Andrew Magrath (biggrumpy) wrote,
Andrew Magrath
biggrumpy

Victory and Civil Justice

My friend Rhea made some interesting comments about Obama in my last post. She made the case that Obama will be affective because of what he symbolizes. That really hit me last night and today. America has changed, in a way that is encouraging. What is so often forgotten in American history is just how stunted that history truly is. Lincoln and Twain were contemporaries, Jefferson died a mere 40 years before the Civil War, we tend to view our history like we do those of other nations -- in long broad strokes with great gulfs of time between our leaders, our thinkers, and our "eras". And yet that simply is not the case. We have a stunted nationhood separated not by centuries, but by decades.

It is in that vein that I viewed Obama's victory last night. The Civil Rights Act of 1964 was passed a mere 44 years ago. That puts its passage within many of our parents' lifetimes and certainly those of our grandparents. I have heard many people saying race is not an issue and not understanding why "some people" will not just let it go. This is why: their grandparents could not sit in the same cab as a member of another race. This is not an abstraction: a long reach to some distant relative whose never been met, never been seen, never been known. "Some people" need only ask a grandparent to hear the horrors of racism and segregation. It is still very much in the collective consciousness of America.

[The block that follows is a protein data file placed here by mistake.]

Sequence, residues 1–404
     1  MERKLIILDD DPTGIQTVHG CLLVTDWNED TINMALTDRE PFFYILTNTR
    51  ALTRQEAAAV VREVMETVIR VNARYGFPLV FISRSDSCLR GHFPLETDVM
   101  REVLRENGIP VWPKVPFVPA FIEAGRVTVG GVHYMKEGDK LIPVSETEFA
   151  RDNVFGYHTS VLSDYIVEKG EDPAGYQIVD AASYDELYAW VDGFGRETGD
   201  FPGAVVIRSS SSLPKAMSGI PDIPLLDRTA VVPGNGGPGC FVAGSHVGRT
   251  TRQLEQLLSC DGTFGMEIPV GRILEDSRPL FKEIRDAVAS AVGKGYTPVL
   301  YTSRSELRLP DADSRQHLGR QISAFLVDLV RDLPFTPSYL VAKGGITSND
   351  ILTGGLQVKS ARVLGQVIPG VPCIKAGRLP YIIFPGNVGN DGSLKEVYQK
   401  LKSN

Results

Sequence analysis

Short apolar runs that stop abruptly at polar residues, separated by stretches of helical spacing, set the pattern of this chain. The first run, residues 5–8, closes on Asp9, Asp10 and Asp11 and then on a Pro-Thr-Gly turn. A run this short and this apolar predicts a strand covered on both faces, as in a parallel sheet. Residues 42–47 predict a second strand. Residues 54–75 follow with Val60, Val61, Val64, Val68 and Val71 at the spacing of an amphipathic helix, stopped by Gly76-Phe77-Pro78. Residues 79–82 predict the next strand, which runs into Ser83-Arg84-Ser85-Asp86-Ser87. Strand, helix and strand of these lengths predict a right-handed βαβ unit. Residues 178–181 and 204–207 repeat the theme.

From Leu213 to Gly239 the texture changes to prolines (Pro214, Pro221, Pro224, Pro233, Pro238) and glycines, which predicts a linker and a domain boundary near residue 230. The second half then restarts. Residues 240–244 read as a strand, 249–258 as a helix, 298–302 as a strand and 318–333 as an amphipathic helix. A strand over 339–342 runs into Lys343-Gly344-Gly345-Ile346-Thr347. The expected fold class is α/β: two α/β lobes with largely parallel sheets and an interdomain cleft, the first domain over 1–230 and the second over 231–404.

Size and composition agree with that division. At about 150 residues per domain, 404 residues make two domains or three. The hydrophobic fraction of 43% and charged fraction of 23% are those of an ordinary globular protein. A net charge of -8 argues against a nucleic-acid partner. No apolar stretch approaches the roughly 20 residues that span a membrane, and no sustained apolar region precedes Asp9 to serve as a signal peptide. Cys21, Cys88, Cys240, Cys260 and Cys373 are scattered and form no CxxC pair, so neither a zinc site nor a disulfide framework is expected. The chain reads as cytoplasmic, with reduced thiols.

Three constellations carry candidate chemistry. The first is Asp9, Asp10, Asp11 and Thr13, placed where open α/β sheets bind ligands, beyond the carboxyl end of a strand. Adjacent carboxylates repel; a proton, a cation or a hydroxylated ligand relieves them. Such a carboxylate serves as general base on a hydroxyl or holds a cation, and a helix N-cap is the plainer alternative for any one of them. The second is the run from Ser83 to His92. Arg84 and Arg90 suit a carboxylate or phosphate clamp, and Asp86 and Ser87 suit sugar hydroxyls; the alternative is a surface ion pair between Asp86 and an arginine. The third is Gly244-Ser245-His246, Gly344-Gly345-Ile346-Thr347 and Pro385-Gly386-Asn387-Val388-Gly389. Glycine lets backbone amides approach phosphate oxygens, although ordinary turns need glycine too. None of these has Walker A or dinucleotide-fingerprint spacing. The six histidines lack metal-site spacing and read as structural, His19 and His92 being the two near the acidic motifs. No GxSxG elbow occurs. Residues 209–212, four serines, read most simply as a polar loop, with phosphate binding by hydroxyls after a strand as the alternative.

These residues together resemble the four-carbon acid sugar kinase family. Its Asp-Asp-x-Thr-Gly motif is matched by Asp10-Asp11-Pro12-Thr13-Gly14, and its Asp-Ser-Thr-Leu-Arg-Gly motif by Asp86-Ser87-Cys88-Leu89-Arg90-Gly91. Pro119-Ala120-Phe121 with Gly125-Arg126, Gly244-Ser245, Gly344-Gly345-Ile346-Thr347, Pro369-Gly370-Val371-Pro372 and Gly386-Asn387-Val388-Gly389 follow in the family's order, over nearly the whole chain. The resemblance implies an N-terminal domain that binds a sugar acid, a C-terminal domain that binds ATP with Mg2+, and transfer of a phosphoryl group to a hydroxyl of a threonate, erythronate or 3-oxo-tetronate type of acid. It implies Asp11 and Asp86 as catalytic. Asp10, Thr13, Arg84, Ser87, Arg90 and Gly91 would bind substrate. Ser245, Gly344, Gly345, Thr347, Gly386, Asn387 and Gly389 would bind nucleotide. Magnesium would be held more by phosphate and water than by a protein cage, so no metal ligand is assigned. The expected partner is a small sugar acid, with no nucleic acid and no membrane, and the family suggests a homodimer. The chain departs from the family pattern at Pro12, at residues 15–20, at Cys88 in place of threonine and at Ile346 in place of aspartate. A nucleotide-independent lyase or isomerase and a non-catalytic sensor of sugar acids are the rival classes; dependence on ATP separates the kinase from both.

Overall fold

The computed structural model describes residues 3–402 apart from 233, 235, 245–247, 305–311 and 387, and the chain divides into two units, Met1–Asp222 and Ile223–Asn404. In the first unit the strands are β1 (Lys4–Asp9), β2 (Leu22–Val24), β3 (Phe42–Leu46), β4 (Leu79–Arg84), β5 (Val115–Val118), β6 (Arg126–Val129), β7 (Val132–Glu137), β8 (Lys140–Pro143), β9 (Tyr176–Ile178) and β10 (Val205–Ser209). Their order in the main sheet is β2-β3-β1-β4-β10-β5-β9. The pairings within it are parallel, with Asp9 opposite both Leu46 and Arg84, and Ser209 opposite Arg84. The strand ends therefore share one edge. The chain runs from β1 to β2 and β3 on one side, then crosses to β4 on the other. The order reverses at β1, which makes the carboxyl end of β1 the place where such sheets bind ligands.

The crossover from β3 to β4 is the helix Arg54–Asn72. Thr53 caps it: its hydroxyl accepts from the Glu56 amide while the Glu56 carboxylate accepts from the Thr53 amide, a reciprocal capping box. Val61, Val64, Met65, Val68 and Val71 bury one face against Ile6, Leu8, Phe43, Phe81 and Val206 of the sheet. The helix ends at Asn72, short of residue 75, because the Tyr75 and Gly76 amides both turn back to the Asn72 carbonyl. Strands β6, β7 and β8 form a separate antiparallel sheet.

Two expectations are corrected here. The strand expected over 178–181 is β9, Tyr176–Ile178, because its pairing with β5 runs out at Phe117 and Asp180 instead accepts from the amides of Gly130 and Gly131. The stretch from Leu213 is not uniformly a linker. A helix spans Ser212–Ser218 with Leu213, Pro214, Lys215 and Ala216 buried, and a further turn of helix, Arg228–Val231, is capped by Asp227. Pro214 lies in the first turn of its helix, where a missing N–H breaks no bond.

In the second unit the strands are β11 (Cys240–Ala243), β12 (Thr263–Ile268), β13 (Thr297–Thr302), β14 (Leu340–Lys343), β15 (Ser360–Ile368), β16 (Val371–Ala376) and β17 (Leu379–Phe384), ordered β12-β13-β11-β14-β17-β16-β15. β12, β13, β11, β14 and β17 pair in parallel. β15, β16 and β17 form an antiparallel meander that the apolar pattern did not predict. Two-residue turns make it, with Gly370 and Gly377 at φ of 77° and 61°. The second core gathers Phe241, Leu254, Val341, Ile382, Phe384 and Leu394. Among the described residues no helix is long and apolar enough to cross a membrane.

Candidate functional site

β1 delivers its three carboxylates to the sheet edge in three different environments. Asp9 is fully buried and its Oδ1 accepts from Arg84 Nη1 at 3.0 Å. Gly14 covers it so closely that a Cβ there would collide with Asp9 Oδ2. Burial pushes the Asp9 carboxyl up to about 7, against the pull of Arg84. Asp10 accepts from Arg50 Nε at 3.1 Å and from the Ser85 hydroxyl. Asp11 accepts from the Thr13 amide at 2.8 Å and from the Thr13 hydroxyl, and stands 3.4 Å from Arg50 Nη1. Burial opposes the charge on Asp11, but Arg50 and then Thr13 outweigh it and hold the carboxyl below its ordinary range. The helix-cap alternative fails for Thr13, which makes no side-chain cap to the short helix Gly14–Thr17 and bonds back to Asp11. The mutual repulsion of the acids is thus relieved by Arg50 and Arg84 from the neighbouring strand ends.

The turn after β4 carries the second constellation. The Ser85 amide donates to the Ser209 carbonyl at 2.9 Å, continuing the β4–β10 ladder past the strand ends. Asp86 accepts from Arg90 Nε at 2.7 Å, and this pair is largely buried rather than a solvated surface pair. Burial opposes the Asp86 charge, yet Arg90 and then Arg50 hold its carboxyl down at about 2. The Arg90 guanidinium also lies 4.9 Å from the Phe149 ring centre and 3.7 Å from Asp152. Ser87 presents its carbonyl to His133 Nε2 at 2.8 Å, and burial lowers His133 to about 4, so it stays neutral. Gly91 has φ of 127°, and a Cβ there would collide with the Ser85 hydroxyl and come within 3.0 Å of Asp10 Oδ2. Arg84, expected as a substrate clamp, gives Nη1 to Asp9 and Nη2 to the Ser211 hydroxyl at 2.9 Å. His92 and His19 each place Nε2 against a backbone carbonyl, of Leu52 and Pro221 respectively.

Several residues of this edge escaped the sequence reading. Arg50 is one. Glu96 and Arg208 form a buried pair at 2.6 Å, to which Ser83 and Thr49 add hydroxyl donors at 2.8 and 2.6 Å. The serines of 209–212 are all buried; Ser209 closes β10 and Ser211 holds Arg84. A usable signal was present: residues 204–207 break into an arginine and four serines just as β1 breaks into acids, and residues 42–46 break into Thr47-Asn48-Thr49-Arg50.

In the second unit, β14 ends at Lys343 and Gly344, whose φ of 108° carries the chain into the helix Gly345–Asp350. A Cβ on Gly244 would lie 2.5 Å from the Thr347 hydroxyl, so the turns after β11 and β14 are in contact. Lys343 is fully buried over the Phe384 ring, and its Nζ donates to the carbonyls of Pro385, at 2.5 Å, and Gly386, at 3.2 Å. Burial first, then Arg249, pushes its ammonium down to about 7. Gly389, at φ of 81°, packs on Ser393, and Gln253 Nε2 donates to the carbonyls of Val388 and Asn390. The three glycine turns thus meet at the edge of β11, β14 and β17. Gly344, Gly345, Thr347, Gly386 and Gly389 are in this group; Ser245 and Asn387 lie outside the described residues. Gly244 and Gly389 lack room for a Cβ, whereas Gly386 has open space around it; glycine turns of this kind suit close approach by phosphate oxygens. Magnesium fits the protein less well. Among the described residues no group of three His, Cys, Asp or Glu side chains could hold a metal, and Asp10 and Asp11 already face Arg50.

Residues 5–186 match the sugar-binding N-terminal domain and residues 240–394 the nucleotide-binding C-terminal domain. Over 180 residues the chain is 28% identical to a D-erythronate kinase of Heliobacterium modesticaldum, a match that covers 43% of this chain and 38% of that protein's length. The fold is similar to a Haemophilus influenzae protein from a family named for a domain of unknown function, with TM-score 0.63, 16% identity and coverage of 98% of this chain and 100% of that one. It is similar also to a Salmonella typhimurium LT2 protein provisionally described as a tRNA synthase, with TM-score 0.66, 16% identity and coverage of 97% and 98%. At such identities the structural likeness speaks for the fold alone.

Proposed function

We have come a long way on the road to equality. People far better, far braver, and far more human than I, have walked the road. But we must also remember that the path is not yet at its end. As much as Obama's victory helps to validate the struggle of those that came before, the Republican campaign revealed hidden and deep racism and intolerance that still lurks in certain segments of the US population. It has shown that we have come a very long way, but have not reached the final destination. Indeed Obama's own policies on the rights of homosexuals show that we have a long way yet to go.

Obama's victory is not the end of bigotry. It is the affirmation that we are on the right path, and it must also remind us that the path stretches farther still. I only hope that we will continue to walk it, carrying others if necessary, but always, always, together and forever onward.

Congratulations to Barrack Obama, despite my reservations about his ability to lead compared to my candidate of choice Ralph Nader, Obama's victory is symbolic. I do not mean that in a dismissive or flippant way, I mean that honestly and reverently -- in the same way that man walking on the moon was symbolic, the same way the Berlin Wall coming down was symbolic, our Declaration of Independence and subsequent Constitution were symbolic -- Obama being elected to the office of the presidency was symbolic. And like all great portents of change and symbolism of affirmation, it makes me proud of my state and my country.
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